Okay, rip-off elements aside, directors Tulsi Ramsay and Shyam Ramsay have created a very well-done horror film in which all their classic trademarks are on display (i.e., lots of fog, color lighting, creepy dungeons, and a hideous idol that is worshipped by Shakaal) in this 132 minute feature. However, like with many Bollywood films, there are song-and-dance numbers introduced, which tally up to 3: not a lot, but at the same time they become quite intrusive as they just happen out of nowhere, unlike being fully integrated in the plots of former Ramsay features. While the music numbers might be a put off, it's pretty easy to fast-forward them if you don't like song-and-dance mixed with horror. As for the songs, they are pretty hit-or-miss: they aren't as lively as the numbers in the other Ramsay classics like "Purana Mandir". And, not only do we get some songs but we also get a few comedy numbers as well, this time provided by Johnny Lever. Lever's character is quite possibly the most interesting one in the whole film: he plays a cafeteria worker named 'Canteen' - Get it? He serves food and therefore he's named 'Canteen'?! Yeah, Indian comedy is really hard to gauge! - who likes to dress up in red Puma clothing and imitate Michael Jackson!?!? Yes, you heard me, Lever imitates Michael Jackson, and thankfully he is not wearing that silly glove that Jackson used to embody. Lever even goes as far as to say he was called for a part in a new Ramsay Brothers film...ah, nothing like shameless self-promotion, right? Lever also dresses up as 'Shahenshah', a character from a popular Bollywood action film, and fight some thugs at a bar in a wild scene. Then, if that's not enough, Lever plays two other characters that are related to him by bloodline as it turns out his father had other relations! Despite these subplots, they are actually pretty damn amusing and can generate a chuckle or two...possibly for the wrong reasons and Lever was the only character I actually liked most in this! We also get three fight scenes that are really just over-the-top, but they work in their own bizarre little world. If any, it's really the final conclusion that makes "Mahakaal" a joy to watch as we get a combo of ideas lifted from some of the "A Nightmare on Elm Street" series and fun Ramsay based ideas, all taking place in a creepy dungeon and using brief stock music scores from "A Nightmare on Elm Street Part 2: Freddy's Revenge" (1985) and "The Night of the Living Dead" (1968)! I won't tell you how it ends because you are just going to have to see for yourself. Trust me, it's worth the rental. It certainly won't hold a candle to the original Craven classic, so we're not fooling ourselves here. But with that said, Tulsi and Shyam Ramsay have done a pretty decent job taking those elements and combining it with their own whacky ideas. It certainly isn't the best of the Ramsay-based horrors, but in terms of being `fun' and `entertaining', "Mahakaal" succeeds on those terms.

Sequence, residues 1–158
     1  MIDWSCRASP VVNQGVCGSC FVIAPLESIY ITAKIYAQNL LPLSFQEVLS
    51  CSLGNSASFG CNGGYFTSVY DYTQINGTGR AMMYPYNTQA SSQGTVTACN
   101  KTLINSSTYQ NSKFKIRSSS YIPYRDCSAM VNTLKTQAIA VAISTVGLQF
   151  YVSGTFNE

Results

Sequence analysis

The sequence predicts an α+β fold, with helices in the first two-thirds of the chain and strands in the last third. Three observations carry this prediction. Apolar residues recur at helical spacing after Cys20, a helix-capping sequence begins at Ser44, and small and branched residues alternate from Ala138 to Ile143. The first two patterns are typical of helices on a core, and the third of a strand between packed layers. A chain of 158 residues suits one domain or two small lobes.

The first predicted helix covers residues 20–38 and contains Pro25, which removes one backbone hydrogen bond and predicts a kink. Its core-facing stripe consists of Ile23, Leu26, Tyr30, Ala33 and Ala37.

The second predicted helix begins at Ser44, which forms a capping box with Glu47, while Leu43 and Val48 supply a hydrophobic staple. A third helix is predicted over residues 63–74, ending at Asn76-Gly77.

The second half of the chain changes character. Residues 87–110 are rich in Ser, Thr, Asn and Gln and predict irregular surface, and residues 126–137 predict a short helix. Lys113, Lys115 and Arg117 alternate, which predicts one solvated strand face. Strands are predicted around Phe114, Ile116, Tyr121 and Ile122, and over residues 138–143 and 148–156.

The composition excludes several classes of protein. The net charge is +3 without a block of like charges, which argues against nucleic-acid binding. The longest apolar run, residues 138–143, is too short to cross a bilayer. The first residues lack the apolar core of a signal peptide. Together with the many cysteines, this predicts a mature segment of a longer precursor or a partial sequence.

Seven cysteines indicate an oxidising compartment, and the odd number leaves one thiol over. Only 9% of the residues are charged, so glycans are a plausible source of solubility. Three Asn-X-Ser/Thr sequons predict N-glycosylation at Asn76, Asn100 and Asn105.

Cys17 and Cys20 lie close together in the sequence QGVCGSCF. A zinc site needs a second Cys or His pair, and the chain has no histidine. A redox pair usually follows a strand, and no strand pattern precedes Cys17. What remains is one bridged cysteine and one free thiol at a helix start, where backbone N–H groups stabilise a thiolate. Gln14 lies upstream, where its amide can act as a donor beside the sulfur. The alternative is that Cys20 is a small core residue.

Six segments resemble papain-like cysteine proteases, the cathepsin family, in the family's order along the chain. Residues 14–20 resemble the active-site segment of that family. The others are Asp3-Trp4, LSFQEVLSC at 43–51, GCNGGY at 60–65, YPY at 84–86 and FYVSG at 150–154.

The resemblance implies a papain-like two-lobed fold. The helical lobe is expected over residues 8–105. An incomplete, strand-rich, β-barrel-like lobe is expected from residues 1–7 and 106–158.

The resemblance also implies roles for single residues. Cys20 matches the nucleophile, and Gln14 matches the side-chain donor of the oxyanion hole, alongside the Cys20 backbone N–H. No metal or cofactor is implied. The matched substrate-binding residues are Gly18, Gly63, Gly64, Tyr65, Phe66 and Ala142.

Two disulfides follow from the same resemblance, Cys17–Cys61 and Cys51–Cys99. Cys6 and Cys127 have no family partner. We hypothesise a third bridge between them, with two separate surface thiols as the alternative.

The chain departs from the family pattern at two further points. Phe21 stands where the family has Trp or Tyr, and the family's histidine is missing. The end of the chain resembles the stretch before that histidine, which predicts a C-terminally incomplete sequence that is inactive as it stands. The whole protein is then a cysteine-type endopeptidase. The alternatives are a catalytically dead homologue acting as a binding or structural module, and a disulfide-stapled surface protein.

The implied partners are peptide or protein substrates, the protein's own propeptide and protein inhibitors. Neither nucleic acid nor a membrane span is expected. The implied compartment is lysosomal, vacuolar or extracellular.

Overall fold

TAHKHANA (1986; English Translation: "The Dungeon")